Features

Documentary: British Shanties and Sea Songs – Gareth Malone

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January 12, 2014

In this unmissable documentary from the Beeb Gareth Malone who's best known for his work with choirs goes exploring an unfamiliar aspect of British musical history. Enjoy :-).
markfromireland

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Feature: Mouton & Morales — Quæramus cum pastoribus

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December 29, 2013

stomer-adorationofshepherds Mouton's beautiful Christmastide motet 'Quæramus cum pastoribus' – the name comes from its first line 'Quæramus cum pastoribus verbum incarnatum' (Let us, with the shepherds, seek the incarnate word) was a wildly popular piece of music that spread like wildfire throughout Catholic Christendom, there are copies of it to be found in churches and cathedrals ranging from the Sistine Chapel to Guatemalan frontier missions. Nor was this popularity confined to the public,  Mouton's fellow composers greatly admired it and used as the basis both for parody Masses (Morales and Willaert) and for motets  (Crecquillon, Pedro de Cristo and Giovanni Croce). It's not hard to see why it was so popular and influential it's a bright and airy piece of music set for a four-part choir and its dialogues are a brilliant mix of very tightly written polyphony into which Mouton injected very rich musical variety and some memorably tuneful writing.  It's easy to see why Cristóbal de Morales based a Mass upon it and what a Mass! The 'Missa Quæramus cum pastoribus'  is a wonderfully expansive and sumptuous piece of music in which de Morales takes Mouton's original and transforms it into something that is entirely original and quite wonderful. Let's start with the motet:

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Feature: Kampen Boys Choir — Magnificat & Nunc Dimittis in A C.V. Stanford

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November 27, 2013

Kampen choristers getting ready for a concert

One of the advantages of YouTube is that you can come across some very good choirs of whose existence you would otherwise be unaware. One such is the Dutch choir the Kampen Boys Choir about whose excellent performance of Farrant's 'Lord, for Thy tender mercy’s sake' I wrote about last January (see: Richard Farrant (1530 – 1580): Lord, for Thy tender mercy’s sake – Kampen Boys Choir – YouTube).  At the time I intended to write a further posting introducing them and their singing but I'm only now getting around to it. The Kampen Boys Choir were founded in September 2002 and consists of sixteen boys (trebles) and twelve men (countertenors, tenors and basses). Their repertoire is mostly taken from the English choral tradition but they also undertake tours outside of the Netherlands as well as collaborating with other Dutch choirs for example by participating in the performances of Bach's St. Matthew Passion given by the Dutch Bach Society. They're an excellent choir whose clear well-paced singing I've greatly enjoyed listening to I'm sure you will too.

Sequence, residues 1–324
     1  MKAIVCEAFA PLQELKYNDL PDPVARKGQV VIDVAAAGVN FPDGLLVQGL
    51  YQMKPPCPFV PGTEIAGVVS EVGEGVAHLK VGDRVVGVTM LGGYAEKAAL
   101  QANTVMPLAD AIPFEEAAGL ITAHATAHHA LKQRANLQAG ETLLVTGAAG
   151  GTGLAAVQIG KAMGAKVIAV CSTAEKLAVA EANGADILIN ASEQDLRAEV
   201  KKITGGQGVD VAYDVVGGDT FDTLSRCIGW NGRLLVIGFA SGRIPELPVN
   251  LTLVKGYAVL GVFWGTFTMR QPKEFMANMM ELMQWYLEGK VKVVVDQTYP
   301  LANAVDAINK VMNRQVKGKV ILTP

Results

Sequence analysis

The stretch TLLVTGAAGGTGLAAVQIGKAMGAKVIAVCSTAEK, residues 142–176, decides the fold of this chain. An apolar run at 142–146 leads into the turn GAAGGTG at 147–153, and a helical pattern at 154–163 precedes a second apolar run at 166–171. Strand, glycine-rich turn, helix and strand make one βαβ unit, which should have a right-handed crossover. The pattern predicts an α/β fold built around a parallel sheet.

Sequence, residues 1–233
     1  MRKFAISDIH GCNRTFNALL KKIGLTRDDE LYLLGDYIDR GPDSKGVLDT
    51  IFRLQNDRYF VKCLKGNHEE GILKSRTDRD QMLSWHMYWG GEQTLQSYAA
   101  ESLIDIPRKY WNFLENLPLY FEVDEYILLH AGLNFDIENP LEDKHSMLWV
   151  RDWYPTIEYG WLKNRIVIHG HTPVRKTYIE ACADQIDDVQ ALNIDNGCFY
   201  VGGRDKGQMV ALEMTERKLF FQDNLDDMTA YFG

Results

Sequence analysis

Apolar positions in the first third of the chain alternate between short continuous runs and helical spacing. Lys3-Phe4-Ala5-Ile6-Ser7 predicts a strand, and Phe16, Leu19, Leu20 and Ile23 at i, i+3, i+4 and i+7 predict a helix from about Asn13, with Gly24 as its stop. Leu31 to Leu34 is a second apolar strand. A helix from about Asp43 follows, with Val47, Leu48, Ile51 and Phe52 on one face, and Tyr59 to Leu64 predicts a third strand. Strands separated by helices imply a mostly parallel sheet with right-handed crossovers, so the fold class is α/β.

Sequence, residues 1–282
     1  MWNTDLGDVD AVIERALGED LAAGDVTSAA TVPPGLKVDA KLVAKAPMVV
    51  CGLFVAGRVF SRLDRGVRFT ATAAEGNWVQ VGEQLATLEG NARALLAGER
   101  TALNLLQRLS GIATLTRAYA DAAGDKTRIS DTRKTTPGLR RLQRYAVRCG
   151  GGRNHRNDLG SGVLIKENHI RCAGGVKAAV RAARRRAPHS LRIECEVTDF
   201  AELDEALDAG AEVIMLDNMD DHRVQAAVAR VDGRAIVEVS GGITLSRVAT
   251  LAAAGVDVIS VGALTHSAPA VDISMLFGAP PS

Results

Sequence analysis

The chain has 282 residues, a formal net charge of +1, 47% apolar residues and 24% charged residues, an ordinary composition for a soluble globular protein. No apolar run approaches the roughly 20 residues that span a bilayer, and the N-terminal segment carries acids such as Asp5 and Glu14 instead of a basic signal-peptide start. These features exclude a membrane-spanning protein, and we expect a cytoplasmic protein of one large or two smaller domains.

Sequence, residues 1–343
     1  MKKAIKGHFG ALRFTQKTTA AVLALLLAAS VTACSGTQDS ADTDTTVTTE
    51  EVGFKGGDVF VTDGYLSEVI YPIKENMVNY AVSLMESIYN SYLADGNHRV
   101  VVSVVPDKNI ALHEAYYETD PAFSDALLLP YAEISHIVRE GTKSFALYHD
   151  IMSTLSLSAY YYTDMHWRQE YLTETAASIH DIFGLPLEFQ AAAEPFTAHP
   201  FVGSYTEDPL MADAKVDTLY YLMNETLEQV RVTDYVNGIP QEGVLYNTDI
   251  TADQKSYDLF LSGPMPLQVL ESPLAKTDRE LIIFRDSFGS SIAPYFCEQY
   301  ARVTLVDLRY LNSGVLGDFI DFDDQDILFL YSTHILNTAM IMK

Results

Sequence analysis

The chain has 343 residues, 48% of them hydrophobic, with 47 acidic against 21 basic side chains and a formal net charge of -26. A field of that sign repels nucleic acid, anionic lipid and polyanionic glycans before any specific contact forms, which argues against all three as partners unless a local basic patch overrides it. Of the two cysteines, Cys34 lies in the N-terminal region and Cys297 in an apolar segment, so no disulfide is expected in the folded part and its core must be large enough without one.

markfromireland

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Feature: Tomás Luis de Victoria (c.1548 – 1611): Missa pro defunctis a 4

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October 21, 2013

If you search for de Victoria's Masses or you survey the literature dealing with his music you could easily assume that he only ever wrote one Requiem - the one dating from 1605, in fact he wrote two and the 1605 composition owes a very heavy debt to the 1583 one. Whenever I tell people this it almost always comes as a great surprise to them which in turn surprises me.

Tomás Luis de Victoria was a Catholic priest a product of the counter-reformation as it unfolded in Spain. If there is one man whose music epitomises the counter-reformation de Victoria is that man. His illustrious predecessors Francisco Guerrero and Cristóbal de Morales had made notable contributions to the genre, a genre which had been a well-established part of Spanish religious culture since at least the latter part of the Middle Ages. It's not surprising that Victoria wrote more than one setting of the Requiem or the Missa pro defunctis to give it its proper title on the contrary it would have been astonishing if de Victoria had not made the composition of a Missa pro defunctis one of his earliest compositional tasks.

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Feature: Jean Mouton (before 1459-1522): Factum est silentium in caelo

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September 29, 2013

Anne of Brittany arms captioned 325x325Jean Mouton (before 1459–1522) is another one of those renaissance master-musicians whose music receives far less attention than his influence on his contemporaries and subequent generations would suggest. He was born near Samer in the Pas-de-Calais the first record of him is as a chorister in Nesle in 1477 rising to maître de chapelle in 1483, his career consisted of  a variety of posts in provincial cathedrals until 1502 when he joined the chapel of Anne of Brittany

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